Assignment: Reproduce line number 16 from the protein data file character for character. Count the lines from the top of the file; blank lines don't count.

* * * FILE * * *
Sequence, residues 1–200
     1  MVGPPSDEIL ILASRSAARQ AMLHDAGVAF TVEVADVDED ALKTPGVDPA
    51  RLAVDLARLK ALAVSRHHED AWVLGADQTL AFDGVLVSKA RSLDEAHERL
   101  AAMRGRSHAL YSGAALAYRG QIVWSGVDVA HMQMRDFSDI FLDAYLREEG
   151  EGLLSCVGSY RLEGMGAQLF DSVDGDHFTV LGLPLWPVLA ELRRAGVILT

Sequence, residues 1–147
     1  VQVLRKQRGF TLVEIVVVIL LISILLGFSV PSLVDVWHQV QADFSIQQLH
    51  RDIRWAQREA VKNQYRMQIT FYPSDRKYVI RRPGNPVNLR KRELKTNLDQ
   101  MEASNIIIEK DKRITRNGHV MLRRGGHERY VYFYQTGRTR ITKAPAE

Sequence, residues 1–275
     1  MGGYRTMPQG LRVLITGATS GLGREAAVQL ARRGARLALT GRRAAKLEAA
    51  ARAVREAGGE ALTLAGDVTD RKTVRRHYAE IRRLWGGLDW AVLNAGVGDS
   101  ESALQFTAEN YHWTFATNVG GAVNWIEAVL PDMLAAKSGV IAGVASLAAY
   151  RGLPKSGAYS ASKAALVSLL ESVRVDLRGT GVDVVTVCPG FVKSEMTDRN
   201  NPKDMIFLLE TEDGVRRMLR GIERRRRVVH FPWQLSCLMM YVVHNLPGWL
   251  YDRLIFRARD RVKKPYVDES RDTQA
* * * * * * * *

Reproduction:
   251  YDRLIFRARD RVKKPYVDES RDTQA